"Gaping" Squamosa - 4/2/03 Hi there WWM Crew... <Hi there. Paul here for a few> I hope this email finds you happy and healthy today. <Actually no, I have a horrible cold. A little slow on the draw, but otherwise fine> I have a question regarding the well being of my new T. Squamosa. <OK. Go for it>  Is it normal for them to gape for the first few days following acclimation? <Well, in my experience they can "gape" anytime and usually recover. You just never know though. If I remember though it seems to me that Squamosa kinda "gape" anyway.>  The lil guy was delivered Tuesday and was acclimated over a period of an hour plus. <Well, nice but did he go into an acclimation tank? In any event sounds fine>  I ensured that I added some tank water, via a turkey baster, over and over until the container was full. <very well>  I then dumped half and did the process over again.  After more than an hour, I finally placed him on a piece of empty clam shell just under the substrate for him to become accustomed to his new environs. <Very good. Lights off?>  Other than a troublesome wider inhalant, it seems okay.  Color is good and mantle expansion seems normal for a newbie. <Sounds about right> The packaging from the seller was wonderful. <Who is the seller if you don't mind me asking?> Many air filled bags of insulation surrounded the live specimen bag. <Cool>  There was 2 inch foam lining the box and two heating pads therein. <Good> The water temp was not all that cold, considering it is New England. <What does that mean?> I waited at the door all morning for delivery and acclimated it right away. <Very responsible>  It was en route for a short period of time (Next state overnight - FedEx) <Still could be a lot of handling between seller and buyer> The reason I chose Squamosa is that I have power compacts. <Ahh, good choice then> Everyone I speak with says that my 6w/per gallon should be sufficient. <Definitely>  I've read the book "Giant Clams" and it too says that Squamosa would be my choice. <Very good. Glad to hear you on board as a Conscientious Marine Aquarist> I was planning leaving him on the substrate, but your opinion on this is appreciated as well. <I would leave him there for about a week minimum. Then slowly start moving him toward his final resting place. In the wild though, these guys are usually found on the substrate. So he may be fine where he is. If he continues to gape though I would definitely hold off on moving him anywhere. Clams have been known to crash and die in about 12-24 hour period, so keep an eye on him. Oh yeah, definitely let the seller know he came to you in this "gaping" condition. From the picture though he looks pretty good!> I may just be paranoid.  Others have told me that Squamosa have larger siphons as compared to other Tridacnids. <True> I'm used to seeing Maximas which rarely "open wide". <Also true. Healthy ones anyway> I've attached a picture for your viewing. <Looks good>  You can email me direct if this is not FAQ worthy. Definitely FAQ worthy. Did you get a chance to read our FAQs? Lots of good info there. you can always contact Barry Neigut at ClamsDirect.com as he has quite a good amount of experience in the various hobby clams.> Thanks for all your help. <My pleasure David. I am sure your clam will thank you for your research as well!> David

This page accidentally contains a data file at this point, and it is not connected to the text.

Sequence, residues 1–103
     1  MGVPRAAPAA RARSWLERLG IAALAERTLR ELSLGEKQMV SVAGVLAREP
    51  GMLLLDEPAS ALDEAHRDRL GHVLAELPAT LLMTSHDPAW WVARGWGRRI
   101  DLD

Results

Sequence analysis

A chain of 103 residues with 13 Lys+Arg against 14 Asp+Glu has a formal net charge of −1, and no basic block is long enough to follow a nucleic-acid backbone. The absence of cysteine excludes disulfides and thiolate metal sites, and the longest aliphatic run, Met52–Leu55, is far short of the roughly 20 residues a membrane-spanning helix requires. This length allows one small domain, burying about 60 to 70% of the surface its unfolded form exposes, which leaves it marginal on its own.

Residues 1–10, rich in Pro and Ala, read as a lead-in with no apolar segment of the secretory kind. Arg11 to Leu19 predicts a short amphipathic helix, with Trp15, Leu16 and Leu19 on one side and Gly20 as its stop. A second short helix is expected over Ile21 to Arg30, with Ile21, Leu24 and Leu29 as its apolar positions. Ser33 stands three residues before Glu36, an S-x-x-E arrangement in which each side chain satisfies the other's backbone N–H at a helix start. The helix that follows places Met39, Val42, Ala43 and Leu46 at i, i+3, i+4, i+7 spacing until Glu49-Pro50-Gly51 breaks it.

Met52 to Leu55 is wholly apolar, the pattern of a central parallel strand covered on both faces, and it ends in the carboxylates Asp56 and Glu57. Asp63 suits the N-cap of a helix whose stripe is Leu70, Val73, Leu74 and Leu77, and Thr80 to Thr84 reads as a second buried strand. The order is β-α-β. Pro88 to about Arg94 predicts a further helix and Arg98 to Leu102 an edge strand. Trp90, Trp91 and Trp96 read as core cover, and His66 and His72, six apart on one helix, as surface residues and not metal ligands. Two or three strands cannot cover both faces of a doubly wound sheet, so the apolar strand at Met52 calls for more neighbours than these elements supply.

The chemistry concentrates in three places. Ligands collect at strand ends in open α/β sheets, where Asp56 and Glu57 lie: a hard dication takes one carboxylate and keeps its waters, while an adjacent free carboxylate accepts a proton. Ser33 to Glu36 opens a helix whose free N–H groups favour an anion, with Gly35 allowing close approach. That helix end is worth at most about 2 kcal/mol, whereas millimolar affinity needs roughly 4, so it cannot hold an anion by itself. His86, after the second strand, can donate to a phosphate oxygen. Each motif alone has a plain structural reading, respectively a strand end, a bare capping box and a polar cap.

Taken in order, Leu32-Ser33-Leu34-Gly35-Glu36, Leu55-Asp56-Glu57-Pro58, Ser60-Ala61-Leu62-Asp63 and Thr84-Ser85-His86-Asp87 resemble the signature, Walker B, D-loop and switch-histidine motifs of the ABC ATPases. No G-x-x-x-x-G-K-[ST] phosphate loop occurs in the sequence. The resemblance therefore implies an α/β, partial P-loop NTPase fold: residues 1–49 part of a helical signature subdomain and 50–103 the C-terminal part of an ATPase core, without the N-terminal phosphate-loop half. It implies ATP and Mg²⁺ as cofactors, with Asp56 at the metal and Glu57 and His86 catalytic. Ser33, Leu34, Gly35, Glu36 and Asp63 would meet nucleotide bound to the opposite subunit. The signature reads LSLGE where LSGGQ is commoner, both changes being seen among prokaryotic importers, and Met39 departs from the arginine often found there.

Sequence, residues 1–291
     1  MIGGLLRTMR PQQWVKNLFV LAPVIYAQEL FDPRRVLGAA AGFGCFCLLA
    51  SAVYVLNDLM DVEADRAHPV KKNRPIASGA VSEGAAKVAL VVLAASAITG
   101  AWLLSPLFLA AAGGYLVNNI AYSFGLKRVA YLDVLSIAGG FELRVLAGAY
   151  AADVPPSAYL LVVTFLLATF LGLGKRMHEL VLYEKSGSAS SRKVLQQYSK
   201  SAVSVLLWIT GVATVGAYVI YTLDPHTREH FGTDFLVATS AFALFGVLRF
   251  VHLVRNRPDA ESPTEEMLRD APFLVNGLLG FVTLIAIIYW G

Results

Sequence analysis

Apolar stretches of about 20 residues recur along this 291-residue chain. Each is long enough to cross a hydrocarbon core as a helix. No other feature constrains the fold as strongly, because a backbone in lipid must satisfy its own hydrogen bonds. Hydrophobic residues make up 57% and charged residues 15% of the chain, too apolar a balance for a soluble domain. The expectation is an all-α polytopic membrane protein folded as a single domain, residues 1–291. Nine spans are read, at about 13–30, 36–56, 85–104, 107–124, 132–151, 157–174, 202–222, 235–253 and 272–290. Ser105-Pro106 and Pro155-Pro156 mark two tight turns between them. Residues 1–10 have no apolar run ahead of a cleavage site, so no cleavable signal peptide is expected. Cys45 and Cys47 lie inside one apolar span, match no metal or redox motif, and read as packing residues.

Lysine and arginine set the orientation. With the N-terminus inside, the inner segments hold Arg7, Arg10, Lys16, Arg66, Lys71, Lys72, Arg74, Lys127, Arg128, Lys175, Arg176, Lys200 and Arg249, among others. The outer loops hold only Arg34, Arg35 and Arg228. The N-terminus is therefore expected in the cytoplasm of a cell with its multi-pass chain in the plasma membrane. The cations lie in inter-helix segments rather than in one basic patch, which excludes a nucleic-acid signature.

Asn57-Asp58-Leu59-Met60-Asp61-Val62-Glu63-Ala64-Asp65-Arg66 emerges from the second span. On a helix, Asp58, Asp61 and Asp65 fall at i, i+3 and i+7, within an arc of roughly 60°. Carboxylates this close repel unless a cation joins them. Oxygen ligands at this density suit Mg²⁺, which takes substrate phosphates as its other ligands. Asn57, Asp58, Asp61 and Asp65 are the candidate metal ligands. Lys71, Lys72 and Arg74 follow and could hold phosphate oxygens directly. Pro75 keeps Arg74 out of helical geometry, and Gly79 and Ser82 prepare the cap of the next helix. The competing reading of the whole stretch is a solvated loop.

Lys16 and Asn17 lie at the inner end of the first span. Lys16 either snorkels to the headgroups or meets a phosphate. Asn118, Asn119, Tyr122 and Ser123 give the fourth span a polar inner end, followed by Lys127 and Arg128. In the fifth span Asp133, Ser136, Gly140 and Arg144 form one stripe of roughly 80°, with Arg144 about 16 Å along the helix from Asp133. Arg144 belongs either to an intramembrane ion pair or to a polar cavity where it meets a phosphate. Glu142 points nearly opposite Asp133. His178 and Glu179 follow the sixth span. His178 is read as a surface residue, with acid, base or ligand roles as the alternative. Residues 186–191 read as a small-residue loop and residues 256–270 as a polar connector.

Clam exudation 3/27/03 Greetings!  I have a blue Tridacna maxima, about 5 inches below the surface of the water under a 175W MH with 40W of fluorescent actinic.  The clam is about two years old.  Recently I have noticed that in the evening, I see a very thin brown strand of  (I assume) Zooxanthellae algae coming out of the exhalant siphon.   <could be... sometimes they are expelled naturally in small packets, other times induced by stress (increase in light as with new bulbs or clarity as with water change or sudden use of carbon)> The clam is well extended and looks great.  Water parameters are great and unchanged, except that I recently (1 month ago) noticed that the pH was dropping to 8.00 during the night.  I slowly used Reef Buffer to raise the pH to about 8.45 during the day, dropping to about 8.30 at night.  Salinity is 1.025 and nitrites are zero, and nitrates are 5ppm.   <all good> I use PolyFilter and an Urchin Pro.  Is this algae discharge normal? thanks tom <likely no worries at all. Be mindful not to overfeed (at risk of clogging gills) with liquid supplements too. Best regards, Anthony>